It’s great that Hitachi is reaching out the social media community, as this report from the Research IT Toolbox shows that IT decision makers trust social media far more than vendor marketing.
Web and Data grow
Facebook is growing at a phenomenal rate, users are creating data, media, and it has to be backed up, replicated and protected (Think of that major power outage that impacted the top websites in SF this week) The web is weak, data loss could be a disaster. I know quite a few young and lean startups that only have one backup of data, they are lean as funding for the startup is smaller than the last bubble. As many of you know, I was the community manager at Hitachi Data Systems before my current role, part of my job was to watch the growing market, gather intelligence and connect prospects with our customer teams. It was great to see many of my old friends and colleagues last night, great job reaching out to the community.
[As we upload our lives and businesses to the web, the dependence of management and safety becomes essential]
Who creates data? we do!
To me, the most exciting thing is the growth of data from users. We are creating data, and we are uploading it to the cloud. For example, I’ve uploaded over 16,000 pictures to Flickr over the last two years. Each one is replicated into different sizes (square, thumbnail, small, medium, and large) then likely replicated for backup and safety reasons a few times on the Yahoo servers. We discovered at this dinner with Dave Roberson that Thomas Hawk (one of the top photographers in the blogosphere) consumes 10mb per photo with his prosumer camera gear –he takes hundreds every day.
Life uploaded to the web
Thanks to our hosts Hitachi Data Systems and Arcscale, both data storage solution providers, located right here in Silicon Valley for the drinks, good times and giveaways. There’s plenty of room for these companies to support the growing ecosystems, for example all of the 100+ online data storage companies will need solutions. And even some of the big players like Amazon that have emerged in the storage space, serving Smugmug, and the massive (50TB) virtual world SecondLife doesn’t have a storage footprint in a datacenter, they’ve outsourced it to Amazon’s S3 service –they will need enterprise storage solutions.
I’m watching this space carefully, I’m one of the few social media bloggers that is watching the data storage market for startups, here’s a few related resources if this interests you, some of my blog posts become articles in Search Insider.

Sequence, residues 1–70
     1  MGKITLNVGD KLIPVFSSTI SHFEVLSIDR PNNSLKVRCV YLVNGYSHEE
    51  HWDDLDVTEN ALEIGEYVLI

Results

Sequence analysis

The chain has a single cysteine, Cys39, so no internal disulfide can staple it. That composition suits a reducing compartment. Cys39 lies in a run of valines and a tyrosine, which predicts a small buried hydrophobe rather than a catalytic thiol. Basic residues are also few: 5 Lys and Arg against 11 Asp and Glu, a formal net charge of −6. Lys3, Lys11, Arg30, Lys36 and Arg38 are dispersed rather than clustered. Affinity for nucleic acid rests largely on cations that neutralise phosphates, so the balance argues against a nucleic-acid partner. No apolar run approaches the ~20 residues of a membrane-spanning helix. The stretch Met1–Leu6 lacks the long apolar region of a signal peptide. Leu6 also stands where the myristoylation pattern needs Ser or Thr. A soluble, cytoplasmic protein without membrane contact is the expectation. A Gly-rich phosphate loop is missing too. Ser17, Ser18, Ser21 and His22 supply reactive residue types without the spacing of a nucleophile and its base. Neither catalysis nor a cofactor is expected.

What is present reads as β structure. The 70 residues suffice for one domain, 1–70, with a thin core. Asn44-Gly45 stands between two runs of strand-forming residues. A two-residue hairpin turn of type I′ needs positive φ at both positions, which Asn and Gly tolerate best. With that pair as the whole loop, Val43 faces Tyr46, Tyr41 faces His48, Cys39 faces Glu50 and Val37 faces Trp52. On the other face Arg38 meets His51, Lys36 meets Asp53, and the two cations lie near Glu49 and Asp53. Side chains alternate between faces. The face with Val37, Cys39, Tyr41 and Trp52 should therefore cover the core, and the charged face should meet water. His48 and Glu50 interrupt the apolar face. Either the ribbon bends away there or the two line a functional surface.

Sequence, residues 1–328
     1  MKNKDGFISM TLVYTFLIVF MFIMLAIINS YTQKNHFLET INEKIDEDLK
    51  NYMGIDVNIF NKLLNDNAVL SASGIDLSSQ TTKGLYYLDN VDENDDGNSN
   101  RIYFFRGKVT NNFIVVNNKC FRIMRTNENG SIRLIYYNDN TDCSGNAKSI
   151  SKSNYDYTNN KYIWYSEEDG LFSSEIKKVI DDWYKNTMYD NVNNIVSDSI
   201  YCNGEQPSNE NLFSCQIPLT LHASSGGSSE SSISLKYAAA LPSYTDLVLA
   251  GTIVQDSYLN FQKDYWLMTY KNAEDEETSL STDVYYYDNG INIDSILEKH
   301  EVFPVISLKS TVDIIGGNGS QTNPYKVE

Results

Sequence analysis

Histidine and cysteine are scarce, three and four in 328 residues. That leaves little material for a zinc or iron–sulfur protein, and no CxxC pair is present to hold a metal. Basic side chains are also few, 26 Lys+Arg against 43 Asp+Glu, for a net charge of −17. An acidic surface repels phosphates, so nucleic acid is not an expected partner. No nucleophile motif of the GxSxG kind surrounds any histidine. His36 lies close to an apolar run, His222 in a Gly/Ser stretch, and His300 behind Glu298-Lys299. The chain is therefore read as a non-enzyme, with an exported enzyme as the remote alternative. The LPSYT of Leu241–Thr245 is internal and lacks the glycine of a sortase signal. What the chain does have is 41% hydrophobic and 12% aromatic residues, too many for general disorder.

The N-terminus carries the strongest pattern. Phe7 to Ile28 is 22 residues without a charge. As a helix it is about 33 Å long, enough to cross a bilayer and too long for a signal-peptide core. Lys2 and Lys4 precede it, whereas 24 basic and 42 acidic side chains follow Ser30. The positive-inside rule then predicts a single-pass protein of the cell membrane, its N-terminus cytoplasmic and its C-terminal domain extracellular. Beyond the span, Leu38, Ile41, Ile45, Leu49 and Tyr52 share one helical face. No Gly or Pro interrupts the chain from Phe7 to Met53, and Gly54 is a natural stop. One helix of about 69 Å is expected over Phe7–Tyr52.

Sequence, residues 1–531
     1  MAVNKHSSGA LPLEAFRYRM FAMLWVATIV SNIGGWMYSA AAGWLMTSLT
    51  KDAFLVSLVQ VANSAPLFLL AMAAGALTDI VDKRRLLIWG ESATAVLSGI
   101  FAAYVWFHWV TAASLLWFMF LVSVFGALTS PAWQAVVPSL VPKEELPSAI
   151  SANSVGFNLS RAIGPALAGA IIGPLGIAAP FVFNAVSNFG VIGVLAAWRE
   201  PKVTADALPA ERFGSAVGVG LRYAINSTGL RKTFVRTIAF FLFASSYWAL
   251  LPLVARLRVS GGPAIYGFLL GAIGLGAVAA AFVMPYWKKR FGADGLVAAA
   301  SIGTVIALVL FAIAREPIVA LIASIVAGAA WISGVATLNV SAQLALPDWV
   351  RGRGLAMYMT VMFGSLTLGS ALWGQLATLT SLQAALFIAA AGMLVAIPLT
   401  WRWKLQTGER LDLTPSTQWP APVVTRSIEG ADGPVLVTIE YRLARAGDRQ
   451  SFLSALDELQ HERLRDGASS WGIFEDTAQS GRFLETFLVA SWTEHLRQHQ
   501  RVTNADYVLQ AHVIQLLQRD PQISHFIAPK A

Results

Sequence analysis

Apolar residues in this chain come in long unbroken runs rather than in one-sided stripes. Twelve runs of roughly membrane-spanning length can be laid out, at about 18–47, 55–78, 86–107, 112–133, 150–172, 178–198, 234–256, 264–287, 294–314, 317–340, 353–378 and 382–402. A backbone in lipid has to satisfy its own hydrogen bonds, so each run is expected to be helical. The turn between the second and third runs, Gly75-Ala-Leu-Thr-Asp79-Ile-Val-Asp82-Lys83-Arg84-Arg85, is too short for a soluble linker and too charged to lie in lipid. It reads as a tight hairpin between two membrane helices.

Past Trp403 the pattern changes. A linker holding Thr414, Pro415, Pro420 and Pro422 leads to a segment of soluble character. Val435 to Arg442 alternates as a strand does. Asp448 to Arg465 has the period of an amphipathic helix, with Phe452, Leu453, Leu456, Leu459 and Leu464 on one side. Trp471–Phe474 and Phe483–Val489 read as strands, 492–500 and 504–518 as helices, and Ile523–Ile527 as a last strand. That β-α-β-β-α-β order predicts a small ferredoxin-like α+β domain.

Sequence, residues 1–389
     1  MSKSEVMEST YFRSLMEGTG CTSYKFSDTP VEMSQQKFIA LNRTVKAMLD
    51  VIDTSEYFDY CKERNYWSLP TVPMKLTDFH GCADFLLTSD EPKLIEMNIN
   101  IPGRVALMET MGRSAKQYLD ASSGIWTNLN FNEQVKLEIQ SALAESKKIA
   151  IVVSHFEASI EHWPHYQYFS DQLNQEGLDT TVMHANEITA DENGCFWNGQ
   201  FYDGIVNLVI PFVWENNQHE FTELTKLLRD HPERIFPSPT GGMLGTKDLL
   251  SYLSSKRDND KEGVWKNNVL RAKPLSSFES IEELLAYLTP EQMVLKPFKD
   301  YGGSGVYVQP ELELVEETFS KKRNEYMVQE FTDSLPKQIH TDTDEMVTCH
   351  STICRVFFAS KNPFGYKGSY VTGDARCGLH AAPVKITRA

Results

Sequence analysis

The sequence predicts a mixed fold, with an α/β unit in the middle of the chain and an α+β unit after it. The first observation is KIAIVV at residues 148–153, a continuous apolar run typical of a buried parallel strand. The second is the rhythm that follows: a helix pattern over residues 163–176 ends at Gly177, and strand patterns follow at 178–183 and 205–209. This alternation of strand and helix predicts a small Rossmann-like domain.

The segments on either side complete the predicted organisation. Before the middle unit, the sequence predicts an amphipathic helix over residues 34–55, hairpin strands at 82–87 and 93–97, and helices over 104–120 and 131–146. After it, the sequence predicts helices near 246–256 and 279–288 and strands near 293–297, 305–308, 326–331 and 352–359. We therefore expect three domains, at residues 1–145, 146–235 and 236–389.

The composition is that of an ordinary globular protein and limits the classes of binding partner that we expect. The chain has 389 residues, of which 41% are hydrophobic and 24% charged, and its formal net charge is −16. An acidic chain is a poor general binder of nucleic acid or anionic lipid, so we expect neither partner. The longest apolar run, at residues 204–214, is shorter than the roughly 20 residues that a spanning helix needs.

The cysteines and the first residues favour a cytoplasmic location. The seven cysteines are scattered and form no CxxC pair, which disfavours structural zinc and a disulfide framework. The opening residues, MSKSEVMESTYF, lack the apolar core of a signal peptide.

Hu Yoshida’s CTO Blog at HDS, what happened to David?
Hitachi’s mega Lunch 2.0 “Web Expo” in Summer 2006
Future of Online Data Storage: 40 points
EMC’s Josh Maher is leading community for a Lunch 2.0
High end storage fans in Facebook created by Josh Maher
Sun reaches to startups at STIRR
View my dozens of posts tagged “data storage”
Here’s me uploading my life to the web, fun, food, drinks and faces.
(Personal Note: Hiya to my former colleagues at HDS, wishing you all the best, I’m doing well, learning a lot, sharing what I know. My email is on the top right of this blog, which I update daily, and I can be found in Facebook, or Twitter)
My former CTO, Hu Yoshida at Hitachi Data Systems wrote an interesting post of why he hopes he never has to have a Terabyte of data centralized at his home. I agree.
I’m a web guy, and I want my data out on the cloud (that means in the amorphous web), this means that I can access it whenever, and from wherever, assuming we keep on developing in the mobile space and everywhere else we seem to be plugged into the web.
In addition to utility, there’s the benefit of not having to worry about having a centralized source of data being stolen from your home, or lost during a natural disaster, it should all safely be out on the cloud.
The challenge of course is that data has a few concerns, security, and privacy of all that information on a foreign server. Every time we make advances in technology there are trade offs. In this case, not being sure of where one’s data is, or who is accessing it is always a risk, but I’ll take it.
It’s so interesting to see the intersection of Data Storage and the Web Industry, if you want to learn more about data storage, check out this Data Storage Wiki I created over a year ago.
So write me back, where do you want your data?
1) On the cloud
2) Centralized at home
3) A hybrid of both
4) Don’t care
If you want to talk more about the web cloud, join us in person, Hitachi Data Systems is hosting a Mixer, see you there!